Having realized yesterday that it’s been awhile since I read anything about the USDA’s People’s Garden initiative, I hit the web and found a press release dated April 22:
WASHINGTON, April 22, 2010 – Agriculture Deputy Secretary Kathleen Merrigan today said that more than 300 gardens have been designated as ‘The People’s Garden’ across the country and urged employees to continue making plans to plant additional gardens. Merrigan made this announcement as she delivered the commencement address to the first graduating class of certified USDA Executive Master Gardener Program volunteers. This commencement marks the beginning of the first ever USDA Department-wide volunteer program for ‘The People’s Garden’ initiative, which Agriculture Secretary Tom Vilsack established on Feb. 12, 2009….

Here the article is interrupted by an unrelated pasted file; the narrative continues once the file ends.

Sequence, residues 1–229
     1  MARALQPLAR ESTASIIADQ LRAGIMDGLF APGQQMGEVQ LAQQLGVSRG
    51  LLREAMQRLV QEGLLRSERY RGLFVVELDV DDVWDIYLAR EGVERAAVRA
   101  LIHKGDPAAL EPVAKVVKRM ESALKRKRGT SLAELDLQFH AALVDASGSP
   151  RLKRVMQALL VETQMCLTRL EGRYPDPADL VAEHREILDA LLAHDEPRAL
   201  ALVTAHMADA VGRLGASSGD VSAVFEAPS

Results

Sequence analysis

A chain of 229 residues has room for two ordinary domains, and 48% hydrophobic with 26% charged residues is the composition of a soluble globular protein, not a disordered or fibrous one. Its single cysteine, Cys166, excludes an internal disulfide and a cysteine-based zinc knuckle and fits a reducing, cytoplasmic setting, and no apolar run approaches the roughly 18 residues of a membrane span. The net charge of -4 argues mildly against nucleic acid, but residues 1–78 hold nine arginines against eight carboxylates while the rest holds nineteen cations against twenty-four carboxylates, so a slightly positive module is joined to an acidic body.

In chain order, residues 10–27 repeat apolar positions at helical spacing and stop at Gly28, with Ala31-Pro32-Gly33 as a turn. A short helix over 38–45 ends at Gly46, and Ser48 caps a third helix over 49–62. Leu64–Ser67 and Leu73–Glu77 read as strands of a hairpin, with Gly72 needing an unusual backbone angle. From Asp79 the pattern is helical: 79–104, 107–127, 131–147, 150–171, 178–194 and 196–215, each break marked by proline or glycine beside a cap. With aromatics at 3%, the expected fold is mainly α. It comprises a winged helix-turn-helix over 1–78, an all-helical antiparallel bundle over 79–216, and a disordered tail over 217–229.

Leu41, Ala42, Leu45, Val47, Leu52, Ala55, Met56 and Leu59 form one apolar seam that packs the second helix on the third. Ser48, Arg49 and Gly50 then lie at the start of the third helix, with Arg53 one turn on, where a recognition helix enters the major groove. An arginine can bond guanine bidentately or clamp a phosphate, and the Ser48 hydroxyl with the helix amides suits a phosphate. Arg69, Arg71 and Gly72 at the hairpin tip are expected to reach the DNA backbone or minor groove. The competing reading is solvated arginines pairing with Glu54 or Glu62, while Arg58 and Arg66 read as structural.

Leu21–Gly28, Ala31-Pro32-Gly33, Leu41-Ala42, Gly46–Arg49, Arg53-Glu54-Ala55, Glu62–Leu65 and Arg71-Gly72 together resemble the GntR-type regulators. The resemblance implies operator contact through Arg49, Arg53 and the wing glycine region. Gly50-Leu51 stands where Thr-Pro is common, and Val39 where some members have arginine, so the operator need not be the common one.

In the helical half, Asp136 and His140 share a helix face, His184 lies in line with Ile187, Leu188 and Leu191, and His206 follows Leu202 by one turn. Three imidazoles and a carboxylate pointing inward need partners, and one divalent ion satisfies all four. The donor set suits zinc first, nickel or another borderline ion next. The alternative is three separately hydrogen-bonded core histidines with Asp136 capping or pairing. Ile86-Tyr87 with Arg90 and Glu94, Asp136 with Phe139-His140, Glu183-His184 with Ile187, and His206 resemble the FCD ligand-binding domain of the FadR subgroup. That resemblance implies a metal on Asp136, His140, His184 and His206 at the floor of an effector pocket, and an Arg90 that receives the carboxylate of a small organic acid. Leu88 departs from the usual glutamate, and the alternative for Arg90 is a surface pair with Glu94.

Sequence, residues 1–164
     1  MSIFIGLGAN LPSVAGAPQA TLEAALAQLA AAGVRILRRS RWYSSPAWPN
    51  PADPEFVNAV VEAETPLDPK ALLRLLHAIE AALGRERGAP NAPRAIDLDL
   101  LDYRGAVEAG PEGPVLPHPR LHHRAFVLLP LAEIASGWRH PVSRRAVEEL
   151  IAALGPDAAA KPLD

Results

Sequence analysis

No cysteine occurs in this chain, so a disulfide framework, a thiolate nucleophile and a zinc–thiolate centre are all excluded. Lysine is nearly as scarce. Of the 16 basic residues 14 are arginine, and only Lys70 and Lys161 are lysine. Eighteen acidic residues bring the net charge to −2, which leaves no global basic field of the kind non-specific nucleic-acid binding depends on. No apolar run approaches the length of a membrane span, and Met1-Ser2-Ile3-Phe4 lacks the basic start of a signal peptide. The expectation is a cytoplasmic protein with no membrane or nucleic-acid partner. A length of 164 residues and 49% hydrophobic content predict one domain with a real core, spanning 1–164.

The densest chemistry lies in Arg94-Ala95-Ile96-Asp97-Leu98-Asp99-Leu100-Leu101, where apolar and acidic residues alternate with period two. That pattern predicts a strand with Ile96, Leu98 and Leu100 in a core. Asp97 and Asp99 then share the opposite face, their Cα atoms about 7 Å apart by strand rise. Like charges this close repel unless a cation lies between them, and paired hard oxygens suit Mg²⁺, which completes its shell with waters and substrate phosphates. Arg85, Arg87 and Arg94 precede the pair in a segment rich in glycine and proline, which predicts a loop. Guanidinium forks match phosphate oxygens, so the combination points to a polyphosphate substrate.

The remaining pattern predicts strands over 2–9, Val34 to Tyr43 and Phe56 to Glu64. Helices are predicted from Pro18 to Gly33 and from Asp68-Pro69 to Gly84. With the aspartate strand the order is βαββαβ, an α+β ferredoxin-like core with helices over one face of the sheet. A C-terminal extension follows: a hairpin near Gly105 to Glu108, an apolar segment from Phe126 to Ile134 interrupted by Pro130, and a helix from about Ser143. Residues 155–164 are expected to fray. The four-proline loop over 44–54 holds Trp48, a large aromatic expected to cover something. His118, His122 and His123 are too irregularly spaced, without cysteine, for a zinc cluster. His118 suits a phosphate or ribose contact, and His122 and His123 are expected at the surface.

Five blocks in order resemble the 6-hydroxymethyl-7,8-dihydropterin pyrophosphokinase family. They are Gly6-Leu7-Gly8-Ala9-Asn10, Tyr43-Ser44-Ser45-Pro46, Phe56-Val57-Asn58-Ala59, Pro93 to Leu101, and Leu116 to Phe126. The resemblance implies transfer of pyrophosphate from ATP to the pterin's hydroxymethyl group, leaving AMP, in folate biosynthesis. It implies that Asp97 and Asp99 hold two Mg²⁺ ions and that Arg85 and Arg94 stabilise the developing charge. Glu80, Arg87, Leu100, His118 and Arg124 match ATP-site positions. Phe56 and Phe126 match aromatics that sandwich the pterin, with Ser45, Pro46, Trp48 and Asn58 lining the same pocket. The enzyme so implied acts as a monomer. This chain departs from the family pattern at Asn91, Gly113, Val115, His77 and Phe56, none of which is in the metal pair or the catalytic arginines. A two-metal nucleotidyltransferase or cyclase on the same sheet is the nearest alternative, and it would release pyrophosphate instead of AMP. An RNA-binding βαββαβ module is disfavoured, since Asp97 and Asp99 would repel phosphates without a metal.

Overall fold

A ‘People’s Garden’ must include the following three components:
1. Benefit your community: Gardens benefit communities in many different ways. They can create spaces for leisure or recreation that the public can use, provide a harvest to a local food bank or shelter, be a wildlife friendly landscape or be a rain garden to absorb storm water run-off and protect the soil from erosion.
2. Be collaborative: The garden must be a collaborative effort between other volunteers, neighbors or organizations within your community. Local partnerships could carry out the mission of a People’s Garden.
3. Incorporate sustainable practices: the garden should include gardening practices that nurture, maintain and protect the environment such as:
- Capturing rainwater in rain barrels
- Composting and mulching
- Planting native species
- Encouraging beneficial insects that feed on destructive pests